Margaret Mary Craske " Zuleka " 2
Margaret Craske (1892-1990)
British dancer and teacher Margaret Craske was a member of the Serge Diaghilev Ballets Russes in 1920. Because of a foot injury she was forced to leave the company after a year. When Craske returned to England she became Enrico Cecchetti's assistant. After Cecchetti's death Craske spent seven years studying the Hindu faith in India with guru Meher Baba. Miss Craske was one of the great teachers of the Cecchetti technique in London and the United States. She claimed to be the last of Cecchetti's disciples. Like Cecchetti, Miss Craske stressed exact technique and attention to detail. Her teaching emphasized balance and making students aware of the quality of movement.
Among her best known students while teaching at Sadler's Wells (now The Royal Ballet) in England were Antony Tudor, Hugh Laing, and Peggy van Praagh. After coming to the United States in the mid-1940's she became the first ballet mistress of Ballet Theatre (now American Ballet Theatre). Miss Craske also taught at Ballet Arts, the Metropolitan Opera Ballet School, Juilliard, and Manhattan Festival Ballet (now Ballet School New York).
During her teaching career in America almost every great American dancer had the privilege of having Margaret Craske cut him or her to the quick. Having been one of her many students, I learned the pure Cecchetti system. She believed, as I do, that movement must mean something -- "There is no room in the world for dancers running around the stage and then kicking their left ear -- that doesn't mean a thing."
I remember my first class with Miss Craske. My first impression was that she couldn't make a dancer. But being on the G. I. Bill I didn't have a choice but to take her class everyday. The G.I. Bill provided an opportunity for the veterans of World War II to further their education and classes were compulsory. Once I started to listen to her I knew I had found the teacher who was to direct my future. For many years I taught what I had learned from her. Then, using her theories, I began to add my own ideas and those I learned from my many other teachers. But I always returned to Miss Craske's lessons.
With C.W. Beaumont, Margaret Craske wrote "The Theory and Practice of Allegro in Classical Ballet" in 1930. With Derra de Meroda, Craske wrote a second book in 1956 -- "The Theory and Practice of Advanced Allegro in Classical Ballet." On her own she wrote "The Dance of Love" in 1980 and "Still Dancing With Love," a journal of her work with Meher Baba. Miss Craske served as a director of Meher Spiritual Center for 11 years. In 1986 she retired from teaching and died in Myrtle Beach, S.C, at the age of 97.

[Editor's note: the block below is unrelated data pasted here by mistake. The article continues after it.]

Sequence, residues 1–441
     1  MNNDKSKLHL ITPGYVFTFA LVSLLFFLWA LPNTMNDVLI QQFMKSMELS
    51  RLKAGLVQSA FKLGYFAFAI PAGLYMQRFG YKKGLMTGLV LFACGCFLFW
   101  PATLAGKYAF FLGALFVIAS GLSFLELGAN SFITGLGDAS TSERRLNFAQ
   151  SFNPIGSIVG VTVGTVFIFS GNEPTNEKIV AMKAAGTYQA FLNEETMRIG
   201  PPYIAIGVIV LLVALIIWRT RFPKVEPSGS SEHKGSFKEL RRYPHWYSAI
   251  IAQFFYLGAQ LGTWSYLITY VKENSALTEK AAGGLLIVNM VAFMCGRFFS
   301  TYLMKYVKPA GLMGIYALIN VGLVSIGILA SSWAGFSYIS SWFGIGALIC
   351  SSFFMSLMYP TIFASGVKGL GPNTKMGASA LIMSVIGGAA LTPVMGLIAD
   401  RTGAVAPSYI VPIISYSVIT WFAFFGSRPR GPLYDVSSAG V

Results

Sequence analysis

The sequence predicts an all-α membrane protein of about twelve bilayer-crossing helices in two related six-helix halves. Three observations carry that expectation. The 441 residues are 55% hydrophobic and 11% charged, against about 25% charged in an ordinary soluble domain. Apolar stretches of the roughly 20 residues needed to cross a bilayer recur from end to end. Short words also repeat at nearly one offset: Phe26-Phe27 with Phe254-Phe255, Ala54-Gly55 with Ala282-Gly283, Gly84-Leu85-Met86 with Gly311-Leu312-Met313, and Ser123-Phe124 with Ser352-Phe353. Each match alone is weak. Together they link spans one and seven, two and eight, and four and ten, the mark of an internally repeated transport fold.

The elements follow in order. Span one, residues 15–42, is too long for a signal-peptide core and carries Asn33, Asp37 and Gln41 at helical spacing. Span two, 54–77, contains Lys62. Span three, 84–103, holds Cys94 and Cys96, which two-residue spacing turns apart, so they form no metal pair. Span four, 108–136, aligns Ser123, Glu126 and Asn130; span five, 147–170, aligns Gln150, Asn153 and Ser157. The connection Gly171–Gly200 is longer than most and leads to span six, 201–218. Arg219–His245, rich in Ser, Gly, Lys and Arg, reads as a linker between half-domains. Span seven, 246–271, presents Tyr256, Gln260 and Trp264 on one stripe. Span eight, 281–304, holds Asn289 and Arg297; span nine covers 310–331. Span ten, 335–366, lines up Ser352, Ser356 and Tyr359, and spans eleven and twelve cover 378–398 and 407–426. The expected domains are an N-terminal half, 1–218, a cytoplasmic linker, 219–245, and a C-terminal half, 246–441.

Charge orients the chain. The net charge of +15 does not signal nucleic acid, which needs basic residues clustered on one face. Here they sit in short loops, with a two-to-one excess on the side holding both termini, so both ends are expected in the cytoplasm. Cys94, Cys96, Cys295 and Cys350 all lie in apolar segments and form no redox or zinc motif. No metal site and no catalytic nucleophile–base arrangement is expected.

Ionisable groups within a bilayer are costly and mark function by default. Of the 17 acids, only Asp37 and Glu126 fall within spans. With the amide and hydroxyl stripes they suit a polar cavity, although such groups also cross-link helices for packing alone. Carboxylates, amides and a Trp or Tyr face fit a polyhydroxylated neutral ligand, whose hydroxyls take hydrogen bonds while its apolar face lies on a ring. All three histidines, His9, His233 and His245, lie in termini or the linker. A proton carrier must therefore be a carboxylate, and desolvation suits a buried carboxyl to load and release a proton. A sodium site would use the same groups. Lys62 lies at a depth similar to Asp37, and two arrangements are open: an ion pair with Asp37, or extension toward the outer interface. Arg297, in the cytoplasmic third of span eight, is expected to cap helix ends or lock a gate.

(First published March 1996)
Courtesy of ;
1983 : The Awakener Magazine
Volume 20 Number 2
My special link to Margaret: Meher Baba's first letter to me (1947) was written in her hand.
I first met "Miss Craske," as her ballet pupils invariably call her, in the fall of 1946, when she arrived from London to take up her position as ballet mistress of Lucia Chase's Ballet Theatre. It was her first job on her return from seven years in India with Baba... years that had told on her health. She was not sure she could handle such a position, not only because of her health but because of her long absence from the professional world, her total immersion in the incredible discipline of following the Avatar on His home territory, as part of His intimate Circle. But Baba loves to throw you from one opposite of maya to the other, from absolute seclusion to great worldly activity, just as He alternated His seclusions with His whirlwind public darshan tours and work with the masses.
Margaret was born in Norfolk, England in 1892. Her father was owner of a small coastal fleet. She started studying dance at an early age; and was always very athletic. At 18 she took up ballet and progressed quickly. She studied with the famous Enrico Cecchetti in the private London studio he ran from 1918 to 1923, while he served as teacher for the Diaghilev Ballet Company. She says of Cecchetti, "He was already old when I met him... he was a darling... he would bend his head and look under his eyes at you as if you were a criminal. And he did occasionally give us a tap with the stick. That's not legal now. He was a very fine teacher. One loved him."
At the end of her study with him, the Maestro gave her a certificate indicating she was qualified to carry on his teaching tradition — a rare honor. Today her own book, The Theory and Practice of Allegro in Classical Ballet (1920), co-authored with critic Cyril Beaumont, is a classic reference on the famed Cecchetti method, and she is considered the world's leading authority.
She danced with the Diaghilev Ballet Company but her performing career ended abruptly with tuberculosis of the Achilles tendon. Thus she took up her incredible career as a teacher. She founded her own ballet school in London in the Thirties. She is philosophical about the loss of a stage career: "I hurt a tendon. I couldn't dance for some time, and then I was getting older ... so what!" she says now.
Margaret Craske died on February 18, 1990 at the age of 97 at Grand
Strand Hospital in Myrtle Beach. Her ashes were brought to the Women’s Cemetery in Meherabad and interred in a grave beside Elizabeth Patterson. Margaret was among the group who welcomed Meher Baba on his first visit to England in 1931. This group included Delia de Leon, Will and Mary Backett, Charles Purdom, Kitty Davy and Margaret Craske. Meher Baba made a profound impact on all of them. Their meetings took place in London and in East Challacombe, Devon, where Meredith Starr had established a spiritual retreat. Margaret Craske described her first meeting with Baba. “…I went into the room and was completely won over by the love which seemed to permeate his whole personality.”
A ballet teacher with her own school in London, she had danced with the
Ballet Russe and the Royal Ballet, but gave the school away in 1941 to
sail for India to spend seven years in Meher Baba’s ashram at Meherabad. Upon her return to England in 1946, she was appointed ballet mistress of American Ballet Theatre and sailed for America, where, Meher Baba told her, she would “lay cables” for him. Laughing, Baba opened His hands, and then He spelled out on His alphabet board, “You must go; I have made you my link in America.”